The final blog

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Hi good evening everyone, this is Lou Rudd, the expedition leader for SPEAR17 and I have the honour of doing the final audio blog for the expedition. So yesterday, at around 2 o’clock in the afternoon local – Chilean – time, we completed the expedition and we’re picked up by the ski plane out on the Ross Ice Shelf at our chosen finish point for the full traverse. The pilots did an amazing job, for them it was a twelve-hour round flight out to get to us right out on the far side of Antarctica. They very skilfully put the plane down between a heavily crevassed area where we were, right between our pulks that we used to mark our a temporary landing strip and did a great job and got us in.
We’re now all safely located back at Union Glacier, main holding camp, still in Antarctica, awaiting our flight back out to Chile which is scheduled to leave on the 26 of January. So a couple more days here in Antarctica, and then we rerun to Chile and then back to the UK.
We got an amazing reception when we arrived here in Union Glacier late last night. We got off the plane to a huge crowd, all the staff and other expedition members all came out to greet us with bottles of champagne, and we really were treated like royalty and had a fantastic reception and an amazing meal – our first fresh food in a very long time. So it was a great evening for the team and probably the first time really that it had actually sunk in, the magnitude of what we’d achieved, which is absolutely incredible. And really I’ve been waiting two and a half years now, with all the planning, preparation and build up, and throughout the expedition itself to say these four words: we have done it.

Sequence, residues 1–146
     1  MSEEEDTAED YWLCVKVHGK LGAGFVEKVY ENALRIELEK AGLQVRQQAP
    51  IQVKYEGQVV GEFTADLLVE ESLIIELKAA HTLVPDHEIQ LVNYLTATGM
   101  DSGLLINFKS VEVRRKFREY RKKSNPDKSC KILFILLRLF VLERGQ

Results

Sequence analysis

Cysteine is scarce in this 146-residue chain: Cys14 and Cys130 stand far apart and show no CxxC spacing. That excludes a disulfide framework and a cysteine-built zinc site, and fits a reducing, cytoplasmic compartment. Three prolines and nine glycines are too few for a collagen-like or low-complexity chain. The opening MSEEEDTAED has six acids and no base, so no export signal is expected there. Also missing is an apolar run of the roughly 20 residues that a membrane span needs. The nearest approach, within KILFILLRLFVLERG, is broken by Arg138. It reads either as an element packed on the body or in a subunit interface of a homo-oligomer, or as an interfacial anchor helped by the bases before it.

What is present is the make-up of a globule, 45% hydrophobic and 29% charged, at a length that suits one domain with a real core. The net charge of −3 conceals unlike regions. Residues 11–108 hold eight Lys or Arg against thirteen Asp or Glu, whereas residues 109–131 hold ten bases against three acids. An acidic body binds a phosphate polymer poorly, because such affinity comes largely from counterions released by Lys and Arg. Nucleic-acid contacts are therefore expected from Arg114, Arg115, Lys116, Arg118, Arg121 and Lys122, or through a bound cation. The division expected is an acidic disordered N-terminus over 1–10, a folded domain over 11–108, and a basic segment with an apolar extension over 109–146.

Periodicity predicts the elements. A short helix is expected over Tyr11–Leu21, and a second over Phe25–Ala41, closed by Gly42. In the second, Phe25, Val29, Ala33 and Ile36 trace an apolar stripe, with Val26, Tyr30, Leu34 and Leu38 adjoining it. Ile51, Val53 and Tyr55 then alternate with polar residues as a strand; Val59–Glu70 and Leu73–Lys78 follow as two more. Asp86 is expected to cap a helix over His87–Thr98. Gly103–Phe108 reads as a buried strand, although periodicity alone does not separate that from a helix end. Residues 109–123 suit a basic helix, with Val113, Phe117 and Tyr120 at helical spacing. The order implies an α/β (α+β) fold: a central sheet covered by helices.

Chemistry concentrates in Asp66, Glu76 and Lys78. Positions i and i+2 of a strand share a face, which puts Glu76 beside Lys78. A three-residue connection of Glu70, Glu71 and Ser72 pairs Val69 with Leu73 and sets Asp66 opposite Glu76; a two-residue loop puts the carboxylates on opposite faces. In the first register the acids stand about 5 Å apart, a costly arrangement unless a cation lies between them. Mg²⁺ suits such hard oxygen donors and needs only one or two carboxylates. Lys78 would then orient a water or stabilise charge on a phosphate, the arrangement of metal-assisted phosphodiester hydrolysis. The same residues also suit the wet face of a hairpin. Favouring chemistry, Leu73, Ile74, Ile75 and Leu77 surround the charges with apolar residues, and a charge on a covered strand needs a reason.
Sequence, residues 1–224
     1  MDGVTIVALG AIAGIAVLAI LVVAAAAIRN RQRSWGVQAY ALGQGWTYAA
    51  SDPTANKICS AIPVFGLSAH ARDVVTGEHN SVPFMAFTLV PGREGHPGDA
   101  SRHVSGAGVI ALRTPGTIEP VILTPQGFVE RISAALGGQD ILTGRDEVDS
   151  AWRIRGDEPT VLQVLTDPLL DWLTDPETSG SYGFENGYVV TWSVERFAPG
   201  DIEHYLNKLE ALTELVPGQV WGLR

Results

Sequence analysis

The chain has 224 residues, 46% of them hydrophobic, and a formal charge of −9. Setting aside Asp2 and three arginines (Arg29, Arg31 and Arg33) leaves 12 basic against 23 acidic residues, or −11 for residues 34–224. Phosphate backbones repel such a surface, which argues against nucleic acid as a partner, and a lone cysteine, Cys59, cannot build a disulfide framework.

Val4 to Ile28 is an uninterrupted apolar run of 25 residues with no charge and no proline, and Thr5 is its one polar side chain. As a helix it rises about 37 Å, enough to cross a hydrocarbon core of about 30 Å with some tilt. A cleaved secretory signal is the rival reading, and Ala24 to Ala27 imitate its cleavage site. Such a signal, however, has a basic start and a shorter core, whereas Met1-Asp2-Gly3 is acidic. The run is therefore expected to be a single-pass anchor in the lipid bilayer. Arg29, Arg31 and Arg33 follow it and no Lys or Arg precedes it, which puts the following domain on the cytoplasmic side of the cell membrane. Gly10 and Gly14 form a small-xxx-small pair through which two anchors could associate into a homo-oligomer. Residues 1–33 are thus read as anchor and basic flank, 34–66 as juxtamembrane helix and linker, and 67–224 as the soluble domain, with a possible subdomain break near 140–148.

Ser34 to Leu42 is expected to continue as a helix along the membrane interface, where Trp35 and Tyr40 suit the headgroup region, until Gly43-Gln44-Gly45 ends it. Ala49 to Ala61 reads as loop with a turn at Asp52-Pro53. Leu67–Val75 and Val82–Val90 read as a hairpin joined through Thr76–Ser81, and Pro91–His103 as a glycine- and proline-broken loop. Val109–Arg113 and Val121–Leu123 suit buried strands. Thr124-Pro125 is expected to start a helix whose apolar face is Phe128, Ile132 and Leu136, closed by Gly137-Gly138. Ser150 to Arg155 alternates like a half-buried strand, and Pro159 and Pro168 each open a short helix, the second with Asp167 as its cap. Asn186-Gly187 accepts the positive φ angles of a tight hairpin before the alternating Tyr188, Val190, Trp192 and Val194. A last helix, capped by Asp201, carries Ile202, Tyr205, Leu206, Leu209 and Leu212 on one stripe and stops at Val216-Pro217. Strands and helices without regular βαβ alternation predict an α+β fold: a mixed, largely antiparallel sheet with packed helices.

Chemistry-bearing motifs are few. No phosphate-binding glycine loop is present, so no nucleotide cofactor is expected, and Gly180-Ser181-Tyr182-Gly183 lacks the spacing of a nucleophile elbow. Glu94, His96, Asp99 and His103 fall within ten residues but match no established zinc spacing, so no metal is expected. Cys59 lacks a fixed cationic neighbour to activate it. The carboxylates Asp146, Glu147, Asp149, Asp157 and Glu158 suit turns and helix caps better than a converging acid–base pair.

And it does feel absolutely amazing. The guys, the team and what they have achieved has been truly incredible and outstanding. Considering two years ago they came from a point of really zero experience as regards to Polar journeys or even working in a very cold-weather environment, I’m the only person on the team who’s been here before, conducting an expedition, and the rest really have gone from zero to hero. And to come out here, and pull off what’s probably the most difficult challenge you can undertake in Antarctica, a full traverse of the whole continent, it really is truly outstanding, so huge credit to them. And they faced every challenge that Antarctica could possibly throw at you, the full range of weather conditions, temperatures, challenges of equipment failures, and everything else really that particularly goes on in long-range Polar journeys. And they’ve overcome every single challenge, and all of them with a smile on their face as well. I’ve bee hugely impressed with this whole team. And for more personally, I couldn’t have wished for greater travelling companions for this trip. And when you consider that only three other expeditions, totally six people, have ever traversed Antarctica, and all those people who have done it before they’re full-time explorers/ adventurers, who do this for a living, and have a huge amount of experience of other journeys before they attempt a traverse. The team members have come out here with zero experience really, and pulled it off, so huge accolade to them.